Seminal California architect Gin Wong spent so long designing our idea of the future that it eventually became the past, but his buildings are all the better for it.
Wong, who died September 1 at the age of 94, brought to post-war California a miraculous revelation of how clear-eyed and uncomplicated design could be. At the time, his best buildings — including the iconic Transamerica Pyramid and the spidery Theme Building at Los Angeles International Airport — evoked ideas of a far-off world of tomorrow.
Now Wong’s buildings preserve the essence of the 20th century. Far from being dated, many seem almost primed to pass into the mists of legend, like modern great pyramids.
Born in Guangzhou, China, in 1922, Wong emigrated to the United States when he was nine. His daughter, Janna Wong Healy, says a fellow airman first suggested he try his hand at architecture during Wong’s World War II service.
Wong’s postwar work, like the miraculous 1961 Theme Building at LAX, showed boldness and panache. But his own favorite byword when it came to his designs was merely “simple.”
“It’s just simple, clear design,” he said of the towering spike on the 1972 Transamerica Pyramid, his most significant Northern California structure. He’d make similar comments about most of his great buildings.
Nonetheless, Wong’s designs gravitated towards ambition, like 1952’s CBS Television City Building, where the mighty network spoke to the world. Or the 1954 Marineland of the Pacific amusement park, which sought to capture the Pacific Ocean in a pool.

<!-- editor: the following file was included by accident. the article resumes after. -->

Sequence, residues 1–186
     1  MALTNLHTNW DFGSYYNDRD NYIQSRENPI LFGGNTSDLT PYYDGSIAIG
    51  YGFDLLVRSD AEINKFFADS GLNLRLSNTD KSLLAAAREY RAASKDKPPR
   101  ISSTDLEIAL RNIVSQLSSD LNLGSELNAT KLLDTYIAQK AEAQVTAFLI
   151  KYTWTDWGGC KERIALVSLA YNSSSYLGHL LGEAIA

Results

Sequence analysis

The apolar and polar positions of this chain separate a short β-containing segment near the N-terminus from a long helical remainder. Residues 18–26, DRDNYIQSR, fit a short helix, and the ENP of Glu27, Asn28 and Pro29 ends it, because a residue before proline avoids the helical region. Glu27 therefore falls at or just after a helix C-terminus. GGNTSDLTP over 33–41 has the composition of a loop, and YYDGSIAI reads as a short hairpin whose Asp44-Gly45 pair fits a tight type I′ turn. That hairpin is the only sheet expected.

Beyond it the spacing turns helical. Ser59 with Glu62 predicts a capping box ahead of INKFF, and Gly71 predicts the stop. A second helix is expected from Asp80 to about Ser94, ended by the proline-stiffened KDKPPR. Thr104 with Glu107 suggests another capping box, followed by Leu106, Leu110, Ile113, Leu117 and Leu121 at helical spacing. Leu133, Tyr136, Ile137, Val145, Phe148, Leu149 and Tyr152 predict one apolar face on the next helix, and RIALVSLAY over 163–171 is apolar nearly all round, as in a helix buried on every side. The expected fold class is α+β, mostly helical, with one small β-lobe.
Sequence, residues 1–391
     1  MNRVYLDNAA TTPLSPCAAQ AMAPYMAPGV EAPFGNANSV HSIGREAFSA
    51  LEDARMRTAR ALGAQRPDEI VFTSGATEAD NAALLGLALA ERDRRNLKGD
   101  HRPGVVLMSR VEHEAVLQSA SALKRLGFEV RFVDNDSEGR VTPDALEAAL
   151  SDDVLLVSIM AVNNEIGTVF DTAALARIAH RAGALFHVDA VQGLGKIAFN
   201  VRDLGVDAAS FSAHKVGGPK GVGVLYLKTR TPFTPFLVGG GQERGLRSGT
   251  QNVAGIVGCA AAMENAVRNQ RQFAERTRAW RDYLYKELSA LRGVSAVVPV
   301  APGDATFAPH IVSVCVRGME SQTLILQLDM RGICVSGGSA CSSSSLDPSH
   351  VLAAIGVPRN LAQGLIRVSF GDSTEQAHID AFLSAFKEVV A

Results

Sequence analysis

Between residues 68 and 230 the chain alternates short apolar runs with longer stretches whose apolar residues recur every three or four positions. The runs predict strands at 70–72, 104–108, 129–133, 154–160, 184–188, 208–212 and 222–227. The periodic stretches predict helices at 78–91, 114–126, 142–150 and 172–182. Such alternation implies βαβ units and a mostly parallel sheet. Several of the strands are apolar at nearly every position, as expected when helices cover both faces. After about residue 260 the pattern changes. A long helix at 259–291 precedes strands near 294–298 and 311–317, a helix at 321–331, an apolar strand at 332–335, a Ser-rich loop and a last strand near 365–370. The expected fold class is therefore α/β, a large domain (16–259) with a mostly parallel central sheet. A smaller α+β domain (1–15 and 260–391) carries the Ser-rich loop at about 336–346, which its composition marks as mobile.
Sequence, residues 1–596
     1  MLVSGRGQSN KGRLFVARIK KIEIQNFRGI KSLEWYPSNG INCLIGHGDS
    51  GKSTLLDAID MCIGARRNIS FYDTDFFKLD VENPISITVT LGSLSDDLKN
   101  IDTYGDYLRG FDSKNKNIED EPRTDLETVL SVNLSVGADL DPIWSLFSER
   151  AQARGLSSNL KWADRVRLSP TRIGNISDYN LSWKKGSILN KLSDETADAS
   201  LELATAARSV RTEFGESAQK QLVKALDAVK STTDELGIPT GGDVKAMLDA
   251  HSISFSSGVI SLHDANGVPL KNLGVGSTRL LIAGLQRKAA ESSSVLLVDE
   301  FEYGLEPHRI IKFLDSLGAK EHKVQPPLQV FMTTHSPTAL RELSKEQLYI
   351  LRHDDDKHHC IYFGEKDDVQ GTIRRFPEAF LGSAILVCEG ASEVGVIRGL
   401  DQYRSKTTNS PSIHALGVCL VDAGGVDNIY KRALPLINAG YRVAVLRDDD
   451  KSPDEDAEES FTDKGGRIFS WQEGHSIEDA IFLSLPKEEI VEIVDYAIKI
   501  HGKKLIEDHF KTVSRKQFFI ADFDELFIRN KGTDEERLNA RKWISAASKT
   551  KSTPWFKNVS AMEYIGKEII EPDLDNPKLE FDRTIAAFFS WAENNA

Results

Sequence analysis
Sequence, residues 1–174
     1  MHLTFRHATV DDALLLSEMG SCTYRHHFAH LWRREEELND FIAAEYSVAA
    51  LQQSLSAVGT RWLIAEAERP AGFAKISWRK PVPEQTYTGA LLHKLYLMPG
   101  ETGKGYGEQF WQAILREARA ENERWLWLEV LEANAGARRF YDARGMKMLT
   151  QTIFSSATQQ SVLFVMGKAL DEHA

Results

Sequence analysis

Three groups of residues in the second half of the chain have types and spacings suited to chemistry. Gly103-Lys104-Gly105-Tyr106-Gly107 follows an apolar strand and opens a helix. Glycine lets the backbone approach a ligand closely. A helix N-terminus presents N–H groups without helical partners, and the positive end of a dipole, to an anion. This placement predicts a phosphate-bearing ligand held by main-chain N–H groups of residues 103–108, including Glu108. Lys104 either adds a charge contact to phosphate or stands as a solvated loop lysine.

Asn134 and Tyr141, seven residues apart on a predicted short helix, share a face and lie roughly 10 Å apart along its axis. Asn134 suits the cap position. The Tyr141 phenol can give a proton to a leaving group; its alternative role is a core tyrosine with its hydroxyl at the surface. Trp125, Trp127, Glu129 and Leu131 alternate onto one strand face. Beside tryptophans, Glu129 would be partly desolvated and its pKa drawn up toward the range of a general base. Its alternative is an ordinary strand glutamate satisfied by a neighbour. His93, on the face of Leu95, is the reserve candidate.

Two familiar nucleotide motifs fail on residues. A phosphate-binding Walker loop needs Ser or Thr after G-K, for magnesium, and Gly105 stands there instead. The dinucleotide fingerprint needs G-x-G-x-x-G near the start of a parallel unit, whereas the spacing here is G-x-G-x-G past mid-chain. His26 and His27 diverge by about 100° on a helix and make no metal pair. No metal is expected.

More than anything, Wong’s designs put people in mind of the stars. Countless observers over the decades pointed out that “The Jetsons” cartoon series, with its floating buildings of Wong-like bubbles and spires, premiered just a year after his futuristic LAX building opened.
The powerful lines and distinctive silhouettes of Wong’s buildings promised to take us to the moon and back. But for all of this great ambition and space-age wonder, his most admired building is, of all things, a gas station.
The Los Angeles Conservancy says that Wong originally designed the 1965 Beverly Hills Union 76 station as a companion piece to the LAX Theme Building. Its swooping, rocket-red roof appears to tell Californians that here, all things remain possible. Reach up for the stars and they can be yours, even if you’re just here to fill up the tank.
Wong retired in 2015, closing his Gin Wong Associates firm. Credit for much of his earlier work still goes to his former bosses like William Pereira, but it’s hard to miss the Wong touch.
His once-futuristic buildings might be in danger of one day attracting the “retro” label. But maybe it’s the muscular simplicity he so prized that keeps them from appearing outmoded today.
Once visions of tomorrow, Wong’s works are now hallmarks of California’s heritage. In the go-go postwar years, Gin Wong raised signposts, great markers pointing the way toward a hoped-for better future. Looking at his designs now, we can imagine the path that the previous generation followed to get here.